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March 9th, 2011
09:11 AM ET

Can a nerve stimulator stop my back pain?

Every weekday, a CNNHealth expert doctor answers a viewer question. On Wednesday, it's Dr. Otis Brawley, chief medical officer for the American Cancer Society.

Question asked by Larry of New York

I have had severe, chronic back and sciatic pain for many years. My particular problems cannot be resolved surgically. Nerve blocks and other minimally invasive procedures have been partially successful in temporarily reducing the pain.
Medications have reduced my back pain, but the sciatic pain continues to be severe. My pain specialist has suggested an implantable nerve stimulator for the sciatic nerve. How successful are these devices?

Expert answer

Dear Larry,

I consulted several physiatrists (nerve, muscle, and bone experts who treat injuries or illnesses that affect movement) and neurologists with extensive experience in the treatment of chronic low back pain and pain radiating down the sciatic nerve of the leg in order to answer your question.

They stress that almost all adults have low back pain at some time in their lives and the outcomes are good with the pain going away for most within three months.

Acute low back pain is defined as lasting less than four weeks. Sub-acute low back pain is commonly defined as back pain lasting between four and 12 weeks and chronic low back pain persists for 12 or more weeks.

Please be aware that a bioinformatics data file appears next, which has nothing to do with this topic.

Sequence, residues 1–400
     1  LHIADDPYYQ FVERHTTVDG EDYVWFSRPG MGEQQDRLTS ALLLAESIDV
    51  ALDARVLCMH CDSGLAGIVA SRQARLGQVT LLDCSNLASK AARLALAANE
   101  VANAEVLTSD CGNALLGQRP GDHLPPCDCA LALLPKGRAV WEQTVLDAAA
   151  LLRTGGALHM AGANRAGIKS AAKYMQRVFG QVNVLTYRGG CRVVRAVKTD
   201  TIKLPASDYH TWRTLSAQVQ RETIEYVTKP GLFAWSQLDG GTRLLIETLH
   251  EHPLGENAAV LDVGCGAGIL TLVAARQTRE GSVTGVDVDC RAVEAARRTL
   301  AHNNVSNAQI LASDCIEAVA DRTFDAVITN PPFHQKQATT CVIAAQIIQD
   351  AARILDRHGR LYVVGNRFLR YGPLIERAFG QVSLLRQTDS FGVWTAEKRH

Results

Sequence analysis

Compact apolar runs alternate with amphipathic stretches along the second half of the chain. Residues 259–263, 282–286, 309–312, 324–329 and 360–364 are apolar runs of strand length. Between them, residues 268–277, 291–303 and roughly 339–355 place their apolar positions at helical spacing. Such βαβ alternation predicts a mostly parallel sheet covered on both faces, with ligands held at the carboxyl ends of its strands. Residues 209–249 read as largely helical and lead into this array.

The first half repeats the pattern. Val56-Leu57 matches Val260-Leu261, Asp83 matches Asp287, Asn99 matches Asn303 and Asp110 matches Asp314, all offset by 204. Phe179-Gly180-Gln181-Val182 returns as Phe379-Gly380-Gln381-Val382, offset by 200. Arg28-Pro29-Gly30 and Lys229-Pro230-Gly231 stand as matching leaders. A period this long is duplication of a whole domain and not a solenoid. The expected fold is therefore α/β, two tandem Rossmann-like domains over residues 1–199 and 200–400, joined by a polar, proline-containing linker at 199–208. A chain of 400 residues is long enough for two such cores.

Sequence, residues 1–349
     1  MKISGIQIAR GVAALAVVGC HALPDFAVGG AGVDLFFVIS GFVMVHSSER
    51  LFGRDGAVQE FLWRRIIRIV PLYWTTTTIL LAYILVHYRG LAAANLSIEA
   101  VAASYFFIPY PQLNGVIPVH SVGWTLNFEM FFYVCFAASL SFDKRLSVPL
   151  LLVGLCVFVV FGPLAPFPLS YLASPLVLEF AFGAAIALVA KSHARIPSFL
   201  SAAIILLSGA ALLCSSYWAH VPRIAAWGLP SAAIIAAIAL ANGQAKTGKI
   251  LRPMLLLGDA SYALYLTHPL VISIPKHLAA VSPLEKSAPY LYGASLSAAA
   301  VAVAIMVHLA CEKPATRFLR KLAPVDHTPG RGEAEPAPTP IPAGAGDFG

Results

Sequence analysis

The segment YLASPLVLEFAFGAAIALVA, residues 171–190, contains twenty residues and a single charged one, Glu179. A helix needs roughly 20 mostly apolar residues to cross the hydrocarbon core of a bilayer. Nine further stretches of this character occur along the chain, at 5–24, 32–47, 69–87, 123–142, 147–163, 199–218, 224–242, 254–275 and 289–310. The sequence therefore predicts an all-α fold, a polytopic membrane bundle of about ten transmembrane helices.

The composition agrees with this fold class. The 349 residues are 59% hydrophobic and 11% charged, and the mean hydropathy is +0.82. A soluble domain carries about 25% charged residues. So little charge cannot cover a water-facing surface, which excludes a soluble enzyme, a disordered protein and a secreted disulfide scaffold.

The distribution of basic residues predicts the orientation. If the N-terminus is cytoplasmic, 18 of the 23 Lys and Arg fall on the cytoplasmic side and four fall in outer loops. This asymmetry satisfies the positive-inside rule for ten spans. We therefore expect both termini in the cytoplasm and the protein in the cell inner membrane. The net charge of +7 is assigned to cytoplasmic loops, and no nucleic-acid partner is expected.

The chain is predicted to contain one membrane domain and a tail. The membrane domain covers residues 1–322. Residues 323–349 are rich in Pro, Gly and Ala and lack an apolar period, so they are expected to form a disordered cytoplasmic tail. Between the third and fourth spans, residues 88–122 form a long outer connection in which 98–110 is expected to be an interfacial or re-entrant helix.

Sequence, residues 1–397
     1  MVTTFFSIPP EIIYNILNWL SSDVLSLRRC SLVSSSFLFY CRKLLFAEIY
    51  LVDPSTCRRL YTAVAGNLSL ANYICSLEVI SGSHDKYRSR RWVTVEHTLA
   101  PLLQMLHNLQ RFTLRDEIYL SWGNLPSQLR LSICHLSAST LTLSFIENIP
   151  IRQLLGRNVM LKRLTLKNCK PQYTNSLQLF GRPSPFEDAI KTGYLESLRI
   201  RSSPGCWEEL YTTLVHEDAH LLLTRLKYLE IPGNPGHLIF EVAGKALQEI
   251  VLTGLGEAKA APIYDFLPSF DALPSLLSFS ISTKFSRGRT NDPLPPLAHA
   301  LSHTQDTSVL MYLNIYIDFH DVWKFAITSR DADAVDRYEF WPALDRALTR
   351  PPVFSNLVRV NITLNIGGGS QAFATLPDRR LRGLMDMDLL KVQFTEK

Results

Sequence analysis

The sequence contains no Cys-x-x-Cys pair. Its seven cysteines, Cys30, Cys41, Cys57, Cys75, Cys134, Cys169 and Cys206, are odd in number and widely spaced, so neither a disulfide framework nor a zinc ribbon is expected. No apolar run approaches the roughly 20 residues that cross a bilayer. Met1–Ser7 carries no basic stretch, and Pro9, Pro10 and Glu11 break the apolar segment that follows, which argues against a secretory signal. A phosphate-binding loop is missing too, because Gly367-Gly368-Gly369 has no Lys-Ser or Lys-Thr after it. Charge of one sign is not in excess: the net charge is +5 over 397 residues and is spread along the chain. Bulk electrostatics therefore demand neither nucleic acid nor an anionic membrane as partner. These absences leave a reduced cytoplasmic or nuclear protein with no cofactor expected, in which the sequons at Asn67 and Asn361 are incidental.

The health care provider will initially evaluate the patient with low back pain by getting a history of the pain and doing a targeted physical examination. The exam focuses on excluding serious neurologic problems such as malignancy or infection.

Causes of back pain include compression of the bone around nerves as they leave the spine. This is often due to arthritic degeneration and commonly feels like a pain running down the nerve path. Sciatica falls into this class.

Other common causes of chronic low back pain are spinal stenosis, a condition in which the spinal cord is squeezed by the arthritic spinal bones; ankylosing spondylitis, in which the ligaments of the spine are inflamed and the spine is stiff; and fracture of a spinal vertebral bone.

Most patients will end up with nonspecific low back pain of unknown origin. The treatment of all nonspecific low back pain is with non-narcotic pain medications and physical therapy. Most health care providers will not do extensive radiological and neurologic tests on a patient until the pain has persisted for more than four weeks despite treatment.

When symptoms of nonspecific low back pain persist more than three months, the goal of treatment moves from "cure" to controlling pain, maintaining function and preventing disability.

Studies show that many patients with chronic low back pain do not receive evidence-based care.

Too often, there is overuse of unproven interventions (such as traction and corsets), over-reliance on opioids and muscle relaxants and underuse of exercise therapy.

Injection of nerve roots with steroids or numbing medications (nerve blocks) generally provide short-term relief and can be done only when the source of the pain is identifiable.

The experts gave the following recommendations for patients with chronic low back pain.

The patient should try to remain active and limit bed rest.

Engaging in supervised exercise therapy that includes stretching and strengthening is an important part of therapy, as is some aerobic activity

Consider yoga, spinal manipulation, massage therapy, cognitive behavioral therapy and acupuncture.

Do not use lumbar supports.